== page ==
The way we are naturally, born of flesh, isn’t enough. Since the day we sinned and were kicked out of the garden where God walked with us in the cool of the day, we cannot see the kingdom of God. Our flesh is weak and marked with death; our sinfulness is no match for his righteousness. As we go through the season of Lent, we continually revisit this fact. As the ashes were marked on our foreheads on Ash Wednesday, so we are marked with the curse: you are dust, and to dust you shall return. In our fallen state, we are doomed.
We must become new creatures, transformed from the inside out, with our flesh empowered by God’s Spirit. Jesus tells Nicodemus that we must be “born of water and Spirit” to see the kingdom. Nicodemus may have recognized this language of water as that of conversion—Gentile converts to Judaism were required to undergo a ceremonial washing to signify the removal of impurity. He would have no doubt been familiar with the cleansing imagery of Ezekiel 36:25-26, where the Lord says, “I will sprinkle clean water upon you, and you shall be clean from all your uncleanness, and from all your idols I will cleanse you. A new heart I will give you, and a new spirit I will put within you; and I will remove from your body the heart of stone and give you a heart of flesh.” The outward cleansing imagery that comes to its fulfillment in Christian baptism is bound tight to the work of the Spirit within us.
The Spirit must move in and change us, and we don’t decide the who, when, or where of it happening. Jesus makes another wordplay here. The word for wind and Spirit are the same in Greek (and Hebrew, for that matter). “The wind blows where it chooses,” Jesus says, “and you hear the sound of it, but you do not know where it comes from or where it goes. So it is with everyone who is born of the Spirit.” After the powerful windstorms Friday, none of us should have trouble with Jesus’ imagery here. The wind is powerful and unpredictable. Many people lost power, some lost trees, roofs, or cars, and a few lost much more. The wind cannot be ordered or tamed.
Untamed unpredictability is the Holy Spirit’s hallmark, as is the power to completely change anything he touches, yet his is a will that is always good. Undoubtedly, you have also heard of the recent outpouring of the Spirit that seemingly happened at Asbury University in Wilmore, Kentucky. What started as a very average college chapel service continued in a non-stop, spontaneous movement of prayer, praise, repentance, reconciliation, scripture reading, and even a handful of physical healings for 13 days. There were no guest preachers, flashy worship bands, smoke, or stage lights. It was remarkably unremarkable. When students and faculty entered the chapel that morning a few weeks ago, no one expected anything out of the ordinary, but that’s when God often moves.
How God Loved the World
God doesn’t work in our ways or by our methods. We need not laugh too much at Nicodemus’ confusion during this conversation. We all start out in darkness. But Jesus explains that he is testifying with authority about what he knows. He is not in the dark. He is the very one who has come from heaven.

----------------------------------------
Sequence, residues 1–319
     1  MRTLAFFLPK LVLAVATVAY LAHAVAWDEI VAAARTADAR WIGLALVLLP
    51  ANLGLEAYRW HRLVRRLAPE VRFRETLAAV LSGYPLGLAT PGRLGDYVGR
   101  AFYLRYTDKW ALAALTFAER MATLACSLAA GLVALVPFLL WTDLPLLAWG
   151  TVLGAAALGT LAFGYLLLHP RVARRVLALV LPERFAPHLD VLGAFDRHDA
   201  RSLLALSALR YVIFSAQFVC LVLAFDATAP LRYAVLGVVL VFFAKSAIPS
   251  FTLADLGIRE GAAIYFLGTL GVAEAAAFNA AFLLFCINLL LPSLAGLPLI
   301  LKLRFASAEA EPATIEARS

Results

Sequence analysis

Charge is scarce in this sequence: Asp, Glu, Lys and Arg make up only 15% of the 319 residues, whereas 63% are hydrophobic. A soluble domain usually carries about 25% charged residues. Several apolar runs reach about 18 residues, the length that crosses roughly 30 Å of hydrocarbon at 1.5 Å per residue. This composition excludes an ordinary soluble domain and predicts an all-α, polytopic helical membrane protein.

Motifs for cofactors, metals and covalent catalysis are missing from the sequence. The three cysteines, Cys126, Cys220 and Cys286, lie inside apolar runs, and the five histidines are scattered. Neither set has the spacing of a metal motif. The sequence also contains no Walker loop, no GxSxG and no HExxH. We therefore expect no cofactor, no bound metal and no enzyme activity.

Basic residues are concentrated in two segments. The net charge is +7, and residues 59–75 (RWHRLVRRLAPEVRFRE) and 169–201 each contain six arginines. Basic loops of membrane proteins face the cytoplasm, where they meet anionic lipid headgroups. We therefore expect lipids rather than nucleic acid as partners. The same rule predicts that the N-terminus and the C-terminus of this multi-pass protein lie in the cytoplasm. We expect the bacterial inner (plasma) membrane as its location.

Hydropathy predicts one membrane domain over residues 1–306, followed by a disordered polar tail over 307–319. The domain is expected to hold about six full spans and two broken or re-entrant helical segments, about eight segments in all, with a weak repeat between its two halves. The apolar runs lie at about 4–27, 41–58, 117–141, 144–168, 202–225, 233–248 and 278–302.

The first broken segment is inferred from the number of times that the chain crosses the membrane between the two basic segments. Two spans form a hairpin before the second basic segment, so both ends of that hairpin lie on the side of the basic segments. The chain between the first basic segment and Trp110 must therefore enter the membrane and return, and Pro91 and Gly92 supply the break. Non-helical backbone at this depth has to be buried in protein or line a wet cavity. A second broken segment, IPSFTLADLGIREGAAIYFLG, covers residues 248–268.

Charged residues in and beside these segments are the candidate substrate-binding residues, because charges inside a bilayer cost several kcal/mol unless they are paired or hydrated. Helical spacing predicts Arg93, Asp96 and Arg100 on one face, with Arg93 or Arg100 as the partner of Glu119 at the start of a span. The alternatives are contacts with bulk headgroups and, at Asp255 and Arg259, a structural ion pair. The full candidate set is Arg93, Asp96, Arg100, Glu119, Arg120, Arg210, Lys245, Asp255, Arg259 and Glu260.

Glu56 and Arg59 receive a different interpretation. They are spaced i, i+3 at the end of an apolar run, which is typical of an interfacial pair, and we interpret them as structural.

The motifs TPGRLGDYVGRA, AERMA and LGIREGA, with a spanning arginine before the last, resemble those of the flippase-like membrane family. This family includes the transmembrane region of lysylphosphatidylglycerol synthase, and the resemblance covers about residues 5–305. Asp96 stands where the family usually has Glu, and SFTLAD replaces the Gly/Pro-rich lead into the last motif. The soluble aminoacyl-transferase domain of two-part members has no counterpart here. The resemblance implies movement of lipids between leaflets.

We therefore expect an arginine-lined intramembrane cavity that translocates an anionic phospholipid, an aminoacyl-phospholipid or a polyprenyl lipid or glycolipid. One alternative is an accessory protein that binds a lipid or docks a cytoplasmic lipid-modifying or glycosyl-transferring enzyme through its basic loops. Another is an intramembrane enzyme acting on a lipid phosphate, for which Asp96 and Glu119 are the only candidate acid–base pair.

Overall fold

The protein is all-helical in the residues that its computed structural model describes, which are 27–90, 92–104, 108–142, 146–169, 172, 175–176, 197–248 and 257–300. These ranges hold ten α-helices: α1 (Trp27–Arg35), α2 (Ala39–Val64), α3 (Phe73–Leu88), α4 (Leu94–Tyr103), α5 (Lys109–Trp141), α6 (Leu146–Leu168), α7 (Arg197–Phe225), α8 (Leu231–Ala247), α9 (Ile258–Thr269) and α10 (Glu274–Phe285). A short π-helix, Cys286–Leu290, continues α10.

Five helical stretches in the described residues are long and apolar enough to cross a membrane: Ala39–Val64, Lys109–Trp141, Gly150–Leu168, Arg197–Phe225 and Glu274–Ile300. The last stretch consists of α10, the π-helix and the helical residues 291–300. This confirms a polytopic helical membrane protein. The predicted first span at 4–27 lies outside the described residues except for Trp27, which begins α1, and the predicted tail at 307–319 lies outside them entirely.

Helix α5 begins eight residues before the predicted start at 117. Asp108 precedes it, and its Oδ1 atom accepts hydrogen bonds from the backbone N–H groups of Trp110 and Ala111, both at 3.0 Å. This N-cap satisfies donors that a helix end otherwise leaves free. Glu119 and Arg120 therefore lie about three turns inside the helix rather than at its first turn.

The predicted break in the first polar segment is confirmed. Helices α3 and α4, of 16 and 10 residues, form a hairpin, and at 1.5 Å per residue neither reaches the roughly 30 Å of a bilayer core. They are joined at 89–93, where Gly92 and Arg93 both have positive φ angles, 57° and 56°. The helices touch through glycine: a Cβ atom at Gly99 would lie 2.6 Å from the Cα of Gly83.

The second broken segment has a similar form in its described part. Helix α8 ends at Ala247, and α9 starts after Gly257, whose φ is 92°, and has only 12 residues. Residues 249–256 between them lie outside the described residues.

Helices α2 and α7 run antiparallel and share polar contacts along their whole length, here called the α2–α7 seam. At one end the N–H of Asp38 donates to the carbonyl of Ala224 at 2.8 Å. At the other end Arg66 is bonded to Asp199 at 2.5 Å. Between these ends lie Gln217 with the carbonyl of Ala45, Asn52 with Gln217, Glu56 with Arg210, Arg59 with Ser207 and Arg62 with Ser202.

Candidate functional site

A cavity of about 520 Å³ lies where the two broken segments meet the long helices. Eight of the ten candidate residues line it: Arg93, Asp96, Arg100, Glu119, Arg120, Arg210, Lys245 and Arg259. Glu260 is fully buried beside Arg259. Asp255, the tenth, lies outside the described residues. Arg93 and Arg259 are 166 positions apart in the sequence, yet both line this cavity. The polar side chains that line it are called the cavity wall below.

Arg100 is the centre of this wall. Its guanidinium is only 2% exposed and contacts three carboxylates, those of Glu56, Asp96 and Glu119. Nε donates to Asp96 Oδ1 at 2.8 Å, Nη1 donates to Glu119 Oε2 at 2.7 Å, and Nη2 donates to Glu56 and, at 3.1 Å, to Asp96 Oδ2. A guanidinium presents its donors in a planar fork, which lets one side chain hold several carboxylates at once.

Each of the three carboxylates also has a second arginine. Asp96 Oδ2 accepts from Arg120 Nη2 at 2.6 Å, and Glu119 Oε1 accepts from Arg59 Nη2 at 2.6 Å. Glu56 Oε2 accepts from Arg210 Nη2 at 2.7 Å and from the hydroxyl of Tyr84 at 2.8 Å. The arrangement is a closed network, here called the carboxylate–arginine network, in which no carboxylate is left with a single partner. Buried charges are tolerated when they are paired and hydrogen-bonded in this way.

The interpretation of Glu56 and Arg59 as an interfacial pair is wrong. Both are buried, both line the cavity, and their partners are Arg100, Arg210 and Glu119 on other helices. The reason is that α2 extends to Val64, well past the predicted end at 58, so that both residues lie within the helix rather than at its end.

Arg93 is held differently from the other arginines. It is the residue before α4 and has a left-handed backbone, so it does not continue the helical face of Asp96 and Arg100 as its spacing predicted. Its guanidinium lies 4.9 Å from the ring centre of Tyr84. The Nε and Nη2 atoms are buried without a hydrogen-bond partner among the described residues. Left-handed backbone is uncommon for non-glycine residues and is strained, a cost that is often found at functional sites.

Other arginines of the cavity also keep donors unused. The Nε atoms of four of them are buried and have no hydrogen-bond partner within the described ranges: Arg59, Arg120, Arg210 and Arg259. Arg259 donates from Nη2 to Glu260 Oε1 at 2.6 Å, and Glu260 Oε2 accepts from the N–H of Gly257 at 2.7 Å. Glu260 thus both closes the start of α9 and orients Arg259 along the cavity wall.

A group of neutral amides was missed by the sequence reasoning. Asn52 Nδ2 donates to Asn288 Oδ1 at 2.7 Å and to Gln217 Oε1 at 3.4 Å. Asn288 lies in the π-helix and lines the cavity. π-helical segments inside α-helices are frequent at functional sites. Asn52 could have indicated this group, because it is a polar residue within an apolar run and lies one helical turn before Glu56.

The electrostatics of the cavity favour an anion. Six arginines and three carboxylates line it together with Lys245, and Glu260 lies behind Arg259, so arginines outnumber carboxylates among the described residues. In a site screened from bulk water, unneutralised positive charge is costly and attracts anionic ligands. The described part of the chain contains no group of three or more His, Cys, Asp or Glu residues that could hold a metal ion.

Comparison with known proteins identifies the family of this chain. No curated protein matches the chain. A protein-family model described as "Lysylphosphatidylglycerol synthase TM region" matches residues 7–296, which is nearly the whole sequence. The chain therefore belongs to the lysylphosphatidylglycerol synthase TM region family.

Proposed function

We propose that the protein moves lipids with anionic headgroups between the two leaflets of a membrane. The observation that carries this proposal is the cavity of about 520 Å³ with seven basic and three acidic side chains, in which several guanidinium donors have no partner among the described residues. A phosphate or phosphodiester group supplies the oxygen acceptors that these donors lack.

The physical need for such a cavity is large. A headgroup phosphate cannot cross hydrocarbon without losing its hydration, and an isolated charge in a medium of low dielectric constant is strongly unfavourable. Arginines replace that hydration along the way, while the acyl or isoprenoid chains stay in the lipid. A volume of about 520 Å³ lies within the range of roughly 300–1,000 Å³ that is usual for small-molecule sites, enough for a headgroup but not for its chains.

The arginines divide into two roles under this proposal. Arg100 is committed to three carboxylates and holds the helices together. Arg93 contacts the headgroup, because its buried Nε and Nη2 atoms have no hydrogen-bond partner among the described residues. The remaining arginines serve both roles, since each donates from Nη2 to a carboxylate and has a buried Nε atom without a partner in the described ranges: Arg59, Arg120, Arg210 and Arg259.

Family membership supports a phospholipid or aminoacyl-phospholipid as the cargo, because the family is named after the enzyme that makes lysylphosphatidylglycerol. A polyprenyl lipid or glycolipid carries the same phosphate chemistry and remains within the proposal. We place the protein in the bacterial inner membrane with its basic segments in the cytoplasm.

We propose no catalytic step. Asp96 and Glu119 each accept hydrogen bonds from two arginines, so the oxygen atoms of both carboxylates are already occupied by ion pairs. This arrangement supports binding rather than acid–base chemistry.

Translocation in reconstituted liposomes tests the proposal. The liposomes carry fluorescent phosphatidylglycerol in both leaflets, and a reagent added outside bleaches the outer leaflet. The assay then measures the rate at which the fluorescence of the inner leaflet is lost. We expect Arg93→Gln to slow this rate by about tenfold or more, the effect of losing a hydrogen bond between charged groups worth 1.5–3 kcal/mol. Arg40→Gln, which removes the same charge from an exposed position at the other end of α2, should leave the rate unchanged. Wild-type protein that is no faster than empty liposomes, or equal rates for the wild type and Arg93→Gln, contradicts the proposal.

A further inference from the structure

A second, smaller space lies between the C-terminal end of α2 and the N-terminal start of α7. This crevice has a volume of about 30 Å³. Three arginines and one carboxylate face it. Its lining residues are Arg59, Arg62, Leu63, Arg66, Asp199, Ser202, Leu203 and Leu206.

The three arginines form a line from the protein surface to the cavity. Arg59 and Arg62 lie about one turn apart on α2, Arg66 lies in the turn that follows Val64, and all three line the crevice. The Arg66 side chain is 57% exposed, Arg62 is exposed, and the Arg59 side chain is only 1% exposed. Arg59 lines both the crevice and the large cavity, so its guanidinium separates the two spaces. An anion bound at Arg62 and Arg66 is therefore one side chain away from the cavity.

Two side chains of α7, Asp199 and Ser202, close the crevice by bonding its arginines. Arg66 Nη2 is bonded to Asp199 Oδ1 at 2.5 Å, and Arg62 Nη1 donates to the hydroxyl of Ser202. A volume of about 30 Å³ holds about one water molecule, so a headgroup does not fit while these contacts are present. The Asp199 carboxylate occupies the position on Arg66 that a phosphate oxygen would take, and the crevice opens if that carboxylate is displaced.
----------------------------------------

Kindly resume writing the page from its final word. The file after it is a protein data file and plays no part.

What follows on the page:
Jesus tells Nicodemus he is also the one who will be lifted up, just like the bronze serpent on the pole in the wilderness saved the lives of the snake-bitten Israelites who looked upon it. As we know now, Jesus means he will be lifted on a cross and save those who, by faith, fix their eyes upon him. This saving act is the way God loves us. In fact, that’s a better translation of the beginning of John 3:16: instead of “For God so loved the world,” many scholars contend that it should be rendered, “This is how God loved the world: he gave his only Son….” It makes sense. God displays the very act of love by sending his only Son. And, as the season of Lent teaches us time and again, this love for us is not based on our loveliness. “While we were still sinners,” Paul says, “Christ died for us.” Likewise, C.S. Lewis comments, “The value of each human soul considered simply in itself, out of relation to God, is zero… to have died for valuable men would have been not divine but merely heroic; but God died for sinners. He loved us not because we were lovable, but because He is love.”
Jesus says that all who believe in him will have eternal life. God has given us who were formerly marked for death the life of his inbreaking kingdom. The life that, in faith, we begin now will come into its fullness at Christ’s return. Yet, as we know, that faith can only come from the Holy Spirit’s initiative, opening our eyes to the world of God’s Kingdom. But once he does, he brings us, in the words of St. Peter, “out of darkness and into his marvelous light” (1 Peter 2:9).
The next time we see Nicodemus, he is pleading for the Sanhedrin to hear out the arrested Jesus and then helping Joseph of Arimathea prepare the Lord’s body for burial. We don’t know what happened the rest of the night of his conversation with Jesus, but perhaps the one who arrived in darkness left with light. May we, too, who were blind in darkness, be shown the light of God’s kingdom by God’s Spirit and receive salvation through God’s Son, in the love of God the Father.
(Cover image: Henry Ossawa Tanner, Nicodemus Visiting Jesus, 1899. Courtesy of WikiArt.)